FIG. 22 illustrates a further embodiment of the present invention wherein an outer helical coil 100 is wound around an inner helical coil 101, the pitch of the outer coil 100 being opposite to that of the coil 101. In FIG. 22, each of the coils 100,101 is shown comprised of a single strand. However, as shown in FIG. 23, the inner coil may comprise a plurality of adjacent strands, such as shown in FIG. 1, and/or the outer coil may comprise either a single strand as shown in FIG. 22, or one or more strands as shown in FIG. 1. While the arrangement of FIGS. 22 and 23 are illustrated with round wires, the concepts are equally applicable to rectangular wires or any other suitably shaped wire. In FIG. 23, the inner coil is made up of three adjacent wires, 102,103,104 and the outer coil is made up of three adjacent wires 105,106,107. The arrangement of FIG. 23 is exemplary and various combinations of numbers of strands forming the various coils can be used. The resultant composite coils of FIGS. 22 and 23 may be covered with an elastomeric material as illustrated in FIG. 4.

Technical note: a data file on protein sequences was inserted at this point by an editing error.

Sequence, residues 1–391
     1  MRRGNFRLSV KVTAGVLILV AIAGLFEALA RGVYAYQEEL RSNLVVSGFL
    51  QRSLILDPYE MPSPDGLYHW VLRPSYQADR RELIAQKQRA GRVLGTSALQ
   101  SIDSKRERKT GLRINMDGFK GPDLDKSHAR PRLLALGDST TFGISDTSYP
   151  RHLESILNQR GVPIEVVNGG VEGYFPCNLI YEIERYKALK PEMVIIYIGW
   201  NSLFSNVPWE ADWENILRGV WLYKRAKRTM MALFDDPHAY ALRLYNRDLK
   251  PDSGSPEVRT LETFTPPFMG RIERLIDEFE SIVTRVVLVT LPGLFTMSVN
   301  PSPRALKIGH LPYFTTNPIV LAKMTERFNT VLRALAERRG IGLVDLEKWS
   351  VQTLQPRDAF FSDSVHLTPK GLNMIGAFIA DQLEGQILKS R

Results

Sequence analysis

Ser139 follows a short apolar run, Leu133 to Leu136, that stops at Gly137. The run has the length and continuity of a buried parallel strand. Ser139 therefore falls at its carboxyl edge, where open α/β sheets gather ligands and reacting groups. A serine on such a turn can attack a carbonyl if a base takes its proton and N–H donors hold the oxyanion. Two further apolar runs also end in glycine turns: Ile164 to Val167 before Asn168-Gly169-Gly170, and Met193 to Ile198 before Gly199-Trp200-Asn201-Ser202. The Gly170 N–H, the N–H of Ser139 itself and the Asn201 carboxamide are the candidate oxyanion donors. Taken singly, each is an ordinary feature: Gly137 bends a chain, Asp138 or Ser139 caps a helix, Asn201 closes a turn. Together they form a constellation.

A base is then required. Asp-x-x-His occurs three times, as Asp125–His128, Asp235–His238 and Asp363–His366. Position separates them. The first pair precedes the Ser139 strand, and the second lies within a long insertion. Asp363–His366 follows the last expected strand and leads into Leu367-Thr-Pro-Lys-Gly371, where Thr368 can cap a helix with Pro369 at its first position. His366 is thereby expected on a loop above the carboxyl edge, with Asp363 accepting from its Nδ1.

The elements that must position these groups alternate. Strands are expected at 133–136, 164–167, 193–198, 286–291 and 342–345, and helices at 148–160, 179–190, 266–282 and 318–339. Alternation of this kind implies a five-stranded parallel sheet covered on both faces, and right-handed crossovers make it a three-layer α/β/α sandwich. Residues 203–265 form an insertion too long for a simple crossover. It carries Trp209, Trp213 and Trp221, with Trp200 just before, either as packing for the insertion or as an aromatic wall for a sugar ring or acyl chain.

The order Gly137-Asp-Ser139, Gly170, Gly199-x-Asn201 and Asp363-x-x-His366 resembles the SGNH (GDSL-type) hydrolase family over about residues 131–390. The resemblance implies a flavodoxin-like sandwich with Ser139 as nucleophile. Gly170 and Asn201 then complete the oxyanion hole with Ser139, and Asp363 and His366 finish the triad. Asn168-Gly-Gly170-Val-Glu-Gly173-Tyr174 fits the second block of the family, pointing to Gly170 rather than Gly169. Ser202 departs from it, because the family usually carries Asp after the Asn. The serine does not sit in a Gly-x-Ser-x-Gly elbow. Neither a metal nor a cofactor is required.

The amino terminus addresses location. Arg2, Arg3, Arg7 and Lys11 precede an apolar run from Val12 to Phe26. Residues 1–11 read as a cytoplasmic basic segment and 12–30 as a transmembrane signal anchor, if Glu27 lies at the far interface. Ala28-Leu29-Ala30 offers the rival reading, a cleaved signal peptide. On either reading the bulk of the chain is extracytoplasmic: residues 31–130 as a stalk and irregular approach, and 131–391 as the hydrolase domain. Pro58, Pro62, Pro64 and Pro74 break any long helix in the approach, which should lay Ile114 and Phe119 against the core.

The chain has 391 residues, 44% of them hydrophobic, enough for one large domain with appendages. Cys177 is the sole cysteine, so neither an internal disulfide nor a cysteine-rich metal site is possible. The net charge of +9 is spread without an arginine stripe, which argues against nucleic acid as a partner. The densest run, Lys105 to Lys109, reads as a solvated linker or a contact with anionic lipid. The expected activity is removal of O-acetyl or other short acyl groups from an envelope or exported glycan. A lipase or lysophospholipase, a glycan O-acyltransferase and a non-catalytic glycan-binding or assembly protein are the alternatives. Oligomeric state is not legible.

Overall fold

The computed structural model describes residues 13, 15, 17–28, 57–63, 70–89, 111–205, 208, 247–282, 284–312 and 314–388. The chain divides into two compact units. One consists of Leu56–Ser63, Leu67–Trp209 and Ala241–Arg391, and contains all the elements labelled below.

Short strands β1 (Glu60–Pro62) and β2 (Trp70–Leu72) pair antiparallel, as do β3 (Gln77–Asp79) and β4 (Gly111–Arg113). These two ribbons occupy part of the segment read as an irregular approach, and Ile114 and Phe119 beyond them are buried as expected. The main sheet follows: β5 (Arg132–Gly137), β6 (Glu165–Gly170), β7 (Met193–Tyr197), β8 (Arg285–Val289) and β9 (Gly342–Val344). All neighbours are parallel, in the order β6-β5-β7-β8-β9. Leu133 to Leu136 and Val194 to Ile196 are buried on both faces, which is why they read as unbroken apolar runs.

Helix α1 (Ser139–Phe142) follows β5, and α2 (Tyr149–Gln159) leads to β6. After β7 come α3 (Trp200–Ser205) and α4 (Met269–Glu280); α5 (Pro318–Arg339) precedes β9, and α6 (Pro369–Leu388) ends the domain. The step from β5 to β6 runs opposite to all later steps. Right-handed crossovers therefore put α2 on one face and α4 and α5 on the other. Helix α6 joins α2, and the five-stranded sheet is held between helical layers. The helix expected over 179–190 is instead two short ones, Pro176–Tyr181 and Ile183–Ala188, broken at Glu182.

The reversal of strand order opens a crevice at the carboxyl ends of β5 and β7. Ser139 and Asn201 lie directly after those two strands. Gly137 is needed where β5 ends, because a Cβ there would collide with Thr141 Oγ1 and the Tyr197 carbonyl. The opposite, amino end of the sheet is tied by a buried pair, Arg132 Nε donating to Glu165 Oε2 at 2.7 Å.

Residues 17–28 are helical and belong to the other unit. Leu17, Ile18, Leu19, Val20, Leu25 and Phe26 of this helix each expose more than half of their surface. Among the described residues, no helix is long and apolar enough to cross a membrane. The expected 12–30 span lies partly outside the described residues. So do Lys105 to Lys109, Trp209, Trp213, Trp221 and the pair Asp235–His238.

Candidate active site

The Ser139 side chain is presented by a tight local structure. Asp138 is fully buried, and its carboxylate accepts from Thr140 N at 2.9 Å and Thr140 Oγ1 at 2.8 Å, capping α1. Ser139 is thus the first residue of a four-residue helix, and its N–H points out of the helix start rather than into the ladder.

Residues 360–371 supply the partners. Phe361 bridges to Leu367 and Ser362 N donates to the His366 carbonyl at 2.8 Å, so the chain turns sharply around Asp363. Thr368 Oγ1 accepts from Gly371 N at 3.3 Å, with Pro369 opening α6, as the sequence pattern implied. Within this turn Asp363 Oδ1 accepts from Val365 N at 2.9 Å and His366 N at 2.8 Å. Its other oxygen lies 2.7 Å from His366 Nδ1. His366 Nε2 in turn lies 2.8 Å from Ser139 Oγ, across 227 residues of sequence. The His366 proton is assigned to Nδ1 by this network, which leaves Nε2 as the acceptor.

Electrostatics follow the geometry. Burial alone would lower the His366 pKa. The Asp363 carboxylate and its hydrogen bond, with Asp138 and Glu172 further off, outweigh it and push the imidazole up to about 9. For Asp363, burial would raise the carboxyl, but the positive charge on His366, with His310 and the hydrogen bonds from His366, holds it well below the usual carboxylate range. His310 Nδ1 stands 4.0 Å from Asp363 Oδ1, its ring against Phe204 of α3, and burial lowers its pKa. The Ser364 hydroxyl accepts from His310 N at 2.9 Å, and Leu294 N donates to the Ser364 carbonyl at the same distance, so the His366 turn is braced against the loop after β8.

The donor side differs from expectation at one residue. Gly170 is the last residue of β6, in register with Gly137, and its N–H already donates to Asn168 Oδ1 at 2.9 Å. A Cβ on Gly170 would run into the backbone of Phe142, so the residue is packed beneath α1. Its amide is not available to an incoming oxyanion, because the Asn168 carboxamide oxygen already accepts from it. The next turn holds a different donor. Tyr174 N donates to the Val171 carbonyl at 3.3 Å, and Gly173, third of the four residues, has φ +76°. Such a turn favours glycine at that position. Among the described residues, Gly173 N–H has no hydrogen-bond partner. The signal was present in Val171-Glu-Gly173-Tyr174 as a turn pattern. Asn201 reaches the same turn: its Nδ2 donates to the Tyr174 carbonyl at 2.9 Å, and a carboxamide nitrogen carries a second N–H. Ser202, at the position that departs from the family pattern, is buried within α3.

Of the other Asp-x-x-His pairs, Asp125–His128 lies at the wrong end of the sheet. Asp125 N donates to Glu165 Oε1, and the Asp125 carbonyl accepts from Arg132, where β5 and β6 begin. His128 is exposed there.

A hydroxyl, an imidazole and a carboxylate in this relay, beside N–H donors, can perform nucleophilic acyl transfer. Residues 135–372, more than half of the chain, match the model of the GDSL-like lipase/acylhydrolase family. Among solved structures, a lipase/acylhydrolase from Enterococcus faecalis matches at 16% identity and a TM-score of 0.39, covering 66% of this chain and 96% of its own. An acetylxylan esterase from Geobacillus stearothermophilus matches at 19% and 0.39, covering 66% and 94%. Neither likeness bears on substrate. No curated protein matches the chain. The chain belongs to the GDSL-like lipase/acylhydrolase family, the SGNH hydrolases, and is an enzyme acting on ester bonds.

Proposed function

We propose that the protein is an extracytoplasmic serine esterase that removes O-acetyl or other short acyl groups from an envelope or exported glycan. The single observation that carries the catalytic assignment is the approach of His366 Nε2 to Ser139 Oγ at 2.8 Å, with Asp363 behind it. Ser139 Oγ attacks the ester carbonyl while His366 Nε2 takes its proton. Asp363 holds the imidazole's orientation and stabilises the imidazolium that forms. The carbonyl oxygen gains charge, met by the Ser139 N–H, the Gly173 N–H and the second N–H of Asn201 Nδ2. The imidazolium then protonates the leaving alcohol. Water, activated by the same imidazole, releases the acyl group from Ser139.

If the coils of FIGS. 22 and 23 are wound in the same direction, the coil diameter of both coils can be simultaneously reduced by twisting opposite ends after a mandrel is removed therefrom.
The outer dimensions D' in FIG. 22 is limited to 0.025 inches so that it may fit within an arch wire channel of a bracket. In a suitable arrangement, the diameters of the wires used in FIG. 22 are all 0.005 and the internal lumen of the inner wire 101 is 0.005 inches or slightly less.
The inner coil in FIGS. 22 and 23 may be formed with or without a lumen, depending upon the desired characteristics of the arch wire. Alternatively, the inner core for the outer coil may be a twisted wire, or example as shown in FIG. 20.
Any of the illustrated coiled wires described above can be rolled into rectangular coils using opposed rollers as described in my copending U.S. Pat. application Ser. No. 535,687, filed Dec. 23, 1974, or can be impacted or pounded to change their shape from round coils to rectangular.
In preferred arrangements, the orthodontic arch wires, for example the wires of FIGS. 1, 3 and 5, are fabricated from strands having diameters of from, for example, about 0.006 inches to about 0.009 inches. Other diameters may be used, depending upon the nature of the wire and the desired characteristics. In a preferred embodiment using rectangular wire, wires having cross-sectional dimensions of about 0.006 by 0.010 inches have been found to provide good results.